Understanding “Deferred Action”
“Deferred Action” is an interesting phrase. In order to understand its meaning and implications, it’s important to understand the basics of deportation. The Department of Homeland Security (DHS) is responsible, mainly through Immigration and Customs Enforcement (ICE), for identifying and deporting individuals who are either dangerous or in violation of U.S. immigration law. Unfortunately, Dreamers do not have any other legal status – making them potential targets for DHS.
If a person receives deferred action, this formally means that DHS has reviewed their credentials and deemed them “low priority” for deportation. Unfortunately, while deferred action is considered a “special” status, it is not “legal” status. This means that DHS can revoke deferred action status without warning, because protections are provided at the discretion of DHS. And because DACA provides no legal status, there is currently no path for beneficiaries to become green card holders and seek permanent residence via the program.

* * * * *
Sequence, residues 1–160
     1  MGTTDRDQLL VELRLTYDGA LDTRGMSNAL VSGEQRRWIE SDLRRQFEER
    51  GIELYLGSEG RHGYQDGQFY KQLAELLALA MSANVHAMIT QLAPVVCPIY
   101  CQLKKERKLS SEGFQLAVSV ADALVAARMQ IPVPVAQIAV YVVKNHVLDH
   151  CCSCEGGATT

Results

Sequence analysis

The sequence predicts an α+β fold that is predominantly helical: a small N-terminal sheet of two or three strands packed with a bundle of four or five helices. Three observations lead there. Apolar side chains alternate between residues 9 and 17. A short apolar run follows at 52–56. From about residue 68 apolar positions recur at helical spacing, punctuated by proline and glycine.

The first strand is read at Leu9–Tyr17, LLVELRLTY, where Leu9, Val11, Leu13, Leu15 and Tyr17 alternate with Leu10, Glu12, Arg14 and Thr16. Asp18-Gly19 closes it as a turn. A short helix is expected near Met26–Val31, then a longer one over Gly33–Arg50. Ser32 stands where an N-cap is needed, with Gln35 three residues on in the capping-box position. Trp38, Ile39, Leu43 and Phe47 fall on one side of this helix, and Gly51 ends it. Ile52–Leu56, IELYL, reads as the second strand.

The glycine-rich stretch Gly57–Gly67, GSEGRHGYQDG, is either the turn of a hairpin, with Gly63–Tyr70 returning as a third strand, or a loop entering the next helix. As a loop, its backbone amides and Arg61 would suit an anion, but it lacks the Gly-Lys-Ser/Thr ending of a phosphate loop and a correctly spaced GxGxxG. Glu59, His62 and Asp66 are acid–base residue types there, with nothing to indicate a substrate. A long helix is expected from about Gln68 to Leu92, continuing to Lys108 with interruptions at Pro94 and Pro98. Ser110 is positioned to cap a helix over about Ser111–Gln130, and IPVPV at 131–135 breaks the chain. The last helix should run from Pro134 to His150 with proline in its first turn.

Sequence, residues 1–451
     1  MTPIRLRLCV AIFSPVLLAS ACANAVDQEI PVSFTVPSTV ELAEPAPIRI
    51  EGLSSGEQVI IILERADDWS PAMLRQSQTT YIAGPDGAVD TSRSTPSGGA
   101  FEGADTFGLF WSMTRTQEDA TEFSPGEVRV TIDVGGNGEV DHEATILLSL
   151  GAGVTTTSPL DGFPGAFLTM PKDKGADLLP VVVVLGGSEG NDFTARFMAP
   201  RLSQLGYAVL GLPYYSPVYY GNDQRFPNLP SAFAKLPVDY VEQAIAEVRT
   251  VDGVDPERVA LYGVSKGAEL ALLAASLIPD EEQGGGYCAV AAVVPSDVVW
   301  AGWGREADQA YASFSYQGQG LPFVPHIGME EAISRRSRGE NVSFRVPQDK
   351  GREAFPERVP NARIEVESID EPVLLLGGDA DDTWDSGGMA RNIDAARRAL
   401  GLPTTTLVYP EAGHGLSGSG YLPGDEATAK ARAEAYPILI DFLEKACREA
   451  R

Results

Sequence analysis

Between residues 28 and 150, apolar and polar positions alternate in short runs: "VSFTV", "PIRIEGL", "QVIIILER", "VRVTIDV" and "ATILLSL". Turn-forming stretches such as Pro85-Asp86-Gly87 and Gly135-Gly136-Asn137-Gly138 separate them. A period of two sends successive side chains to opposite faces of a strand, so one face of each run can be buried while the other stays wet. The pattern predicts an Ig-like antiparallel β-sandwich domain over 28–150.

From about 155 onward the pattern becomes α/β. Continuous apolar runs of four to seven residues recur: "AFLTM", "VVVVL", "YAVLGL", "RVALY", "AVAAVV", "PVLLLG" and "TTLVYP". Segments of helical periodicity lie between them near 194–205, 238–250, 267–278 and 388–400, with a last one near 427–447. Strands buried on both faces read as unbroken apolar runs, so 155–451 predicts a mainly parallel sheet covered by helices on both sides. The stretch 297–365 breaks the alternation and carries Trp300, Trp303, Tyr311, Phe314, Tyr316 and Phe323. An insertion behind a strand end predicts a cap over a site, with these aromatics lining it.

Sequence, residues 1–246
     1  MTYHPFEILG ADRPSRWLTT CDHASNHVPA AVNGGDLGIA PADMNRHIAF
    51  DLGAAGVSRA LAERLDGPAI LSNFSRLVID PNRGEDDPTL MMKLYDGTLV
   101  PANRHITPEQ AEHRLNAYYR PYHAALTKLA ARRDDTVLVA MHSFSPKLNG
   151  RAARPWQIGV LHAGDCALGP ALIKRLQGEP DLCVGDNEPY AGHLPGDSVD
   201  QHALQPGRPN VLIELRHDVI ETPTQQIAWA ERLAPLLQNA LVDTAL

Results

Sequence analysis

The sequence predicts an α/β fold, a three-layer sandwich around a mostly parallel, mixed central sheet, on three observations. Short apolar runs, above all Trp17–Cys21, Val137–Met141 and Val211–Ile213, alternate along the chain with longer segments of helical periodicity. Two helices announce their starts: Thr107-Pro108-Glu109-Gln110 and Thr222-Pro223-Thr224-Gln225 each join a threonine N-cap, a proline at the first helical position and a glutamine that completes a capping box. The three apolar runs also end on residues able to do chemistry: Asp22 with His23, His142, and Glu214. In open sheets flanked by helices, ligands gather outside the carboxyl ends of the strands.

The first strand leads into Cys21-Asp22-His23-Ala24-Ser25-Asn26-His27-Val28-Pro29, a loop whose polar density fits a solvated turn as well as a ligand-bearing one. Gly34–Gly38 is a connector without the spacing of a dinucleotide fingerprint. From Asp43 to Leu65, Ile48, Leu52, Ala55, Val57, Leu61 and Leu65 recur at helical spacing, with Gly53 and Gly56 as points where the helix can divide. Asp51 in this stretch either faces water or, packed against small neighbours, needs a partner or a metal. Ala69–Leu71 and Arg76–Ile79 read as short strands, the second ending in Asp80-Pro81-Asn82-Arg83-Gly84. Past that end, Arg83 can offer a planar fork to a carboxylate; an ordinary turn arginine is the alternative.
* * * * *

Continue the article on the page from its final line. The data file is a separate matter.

Again, deferred action simply means that DHS has deferred deportation or removal of a person receiving the status. Further, deferred action also DOES NOT provide:
- Amnesty or legal immunity;
- Lawful immigration status allowing for green card application;
- Any path for citizenship or naturalization; or
- Privileges for family members of beneficiaries (even DACA-eligible siblings must individually apply for benefits).
For anyone who has additional questions about deferred action, you can consult the American Immigration Council’s (AIC) excellent guide regarding DACA. You can also discuss your concerns with a qualified immigration lawyer, who will be able to provide astute guidance and advice.
Who is Eligible for DACA Benefits?